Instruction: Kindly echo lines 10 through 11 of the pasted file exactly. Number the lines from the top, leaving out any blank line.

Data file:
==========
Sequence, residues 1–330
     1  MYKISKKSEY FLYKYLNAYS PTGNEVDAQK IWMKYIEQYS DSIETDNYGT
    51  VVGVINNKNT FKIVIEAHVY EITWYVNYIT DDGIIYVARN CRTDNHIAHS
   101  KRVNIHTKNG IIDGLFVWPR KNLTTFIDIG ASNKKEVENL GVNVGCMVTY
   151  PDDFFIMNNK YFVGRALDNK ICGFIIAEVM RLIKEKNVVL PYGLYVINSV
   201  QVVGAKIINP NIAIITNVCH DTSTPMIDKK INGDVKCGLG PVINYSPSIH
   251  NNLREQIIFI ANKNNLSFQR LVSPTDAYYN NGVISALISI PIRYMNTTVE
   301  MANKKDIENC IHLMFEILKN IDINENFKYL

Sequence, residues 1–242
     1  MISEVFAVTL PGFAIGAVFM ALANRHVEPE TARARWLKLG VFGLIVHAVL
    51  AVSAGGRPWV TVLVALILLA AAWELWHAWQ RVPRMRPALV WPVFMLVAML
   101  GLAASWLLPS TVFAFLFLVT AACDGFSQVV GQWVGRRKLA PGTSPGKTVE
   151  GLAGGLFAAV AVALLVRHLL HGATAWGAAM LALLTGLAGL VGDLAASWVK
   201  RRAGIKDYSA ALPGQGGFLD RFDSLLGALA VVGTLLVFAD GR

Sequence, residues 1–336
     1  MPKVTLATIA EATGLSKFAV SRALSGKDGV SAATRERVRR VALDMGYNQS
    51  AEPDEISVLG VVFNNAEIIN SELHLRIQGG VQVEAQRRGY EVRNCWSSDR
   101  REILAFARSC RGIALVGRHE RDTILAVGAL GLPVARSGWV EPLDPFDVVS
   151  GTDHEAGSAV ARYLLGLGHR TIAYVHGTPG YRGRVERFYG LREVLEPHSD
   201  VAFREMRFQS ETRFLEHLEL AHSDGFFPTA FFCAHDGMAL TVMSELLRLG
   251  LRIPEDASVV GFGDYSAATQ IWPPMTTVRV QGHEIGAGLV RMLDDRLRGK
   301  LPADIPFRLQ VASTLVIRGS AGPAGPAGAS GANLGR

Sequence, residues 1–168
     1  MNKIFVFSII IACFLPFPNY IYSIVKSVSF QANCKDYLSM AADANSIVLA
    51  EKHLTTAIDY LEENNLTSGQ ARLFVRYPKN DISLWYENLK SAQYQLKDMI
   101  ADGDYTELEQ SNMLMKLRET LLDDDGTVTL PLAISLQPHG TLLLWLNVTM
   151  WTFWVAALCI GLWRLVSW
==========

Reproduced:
     1  MISEVFAVTL PGFAIGAVFM ALANRHVEPE TARARWLKLG VFGLIVHAVL
    51  AVSAGGRPWV TVLVALILLA AAWELWHAWQ RVPRMRPALV WPVFMLVAML